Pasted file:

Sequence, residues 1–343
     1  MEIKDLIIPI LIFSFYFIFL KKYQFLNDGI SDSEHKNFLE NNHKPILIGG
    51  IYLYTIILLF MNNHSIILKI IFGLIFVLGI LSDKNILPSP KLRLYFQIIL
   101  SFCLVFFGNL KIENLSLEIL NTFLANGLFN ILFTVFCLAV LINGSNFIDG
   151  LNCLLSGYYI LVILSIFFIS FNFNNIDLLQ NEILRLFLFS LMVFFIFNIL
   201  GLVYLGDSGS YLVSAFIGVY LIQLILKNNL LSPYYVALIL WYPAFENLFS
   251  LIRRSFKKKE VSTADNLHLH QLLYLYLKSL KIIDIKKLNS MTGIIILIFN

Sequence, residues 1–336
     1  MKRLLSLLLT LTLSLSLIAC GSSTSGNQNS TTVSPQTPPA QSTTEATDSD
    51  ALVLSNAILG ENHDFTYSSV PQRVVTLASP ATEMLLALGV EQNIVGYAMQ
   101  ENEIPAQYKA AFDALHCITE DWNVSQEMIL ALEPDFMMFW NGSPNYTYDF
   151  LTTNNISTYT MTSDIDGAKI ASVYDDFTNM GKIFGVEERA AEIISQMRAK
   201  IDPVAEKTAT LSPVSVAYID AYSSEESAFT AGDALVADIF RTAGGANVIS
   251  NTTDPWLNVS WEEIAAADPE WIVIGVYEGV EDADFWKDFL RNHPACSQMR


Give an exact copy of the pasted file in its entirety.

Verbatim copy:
Sequence, residues 1–343
     1  MEIKDLIIPI LIFSFYFIFL KKYQFLNDGI SDSEHKNFLE NNHKPILIGG
    51  IYLYTIILLF MNNHSIILKI IFGLIFVLGI LSDKNILPSP KLRLYFQIIL
   101  SFCLVFFGNL KIENLSLEIL NTFLANGLFN ILFTVFCLAV LINGSNFIDG
   151  LNCLLSGYYI LVILSIFFIS FNFNNIDLLQ NEILRLFLFS LMVFFIFNIL
   201  GLVYLGDSGS YLVSAFIGVY LIQLILKNNL LSPYYVALIL WYPAFENLFS
   251  LIRRSFKKKE VSTADNLHLH QLLYLYLKSL KIIDIKKLNS MTGIIILIFN

Sequence, residues 1–336
     1  MKRLLSLLLT LTLSLSLIAC GSSTSGNQNS TTVSPQTPPA QSTTEATDSD
    51  ALVLSNAILG ENHDFTYSSV PQRVVTLASP ATEMLLALGV EQNIVGYAMQ
   101  ENEIPAQYKA AFDALHCITE DWNVSQEMIL ALEPDFMMFW NGSPNYTYDF
   151  LTTNNISTYT MTSDIDGAKI ASVYDDFTNM GKIFGVEERA AEIISQMRAK
   201  IDPVAEKTAT LSPVSVAYID AYSSEESAFT AGDALVADIF RTAGGANVIS
   251  NTTDPWLNVS WEEIAAADPE WIVIGVYEGV EDADFWKDFL RNHPACSQMR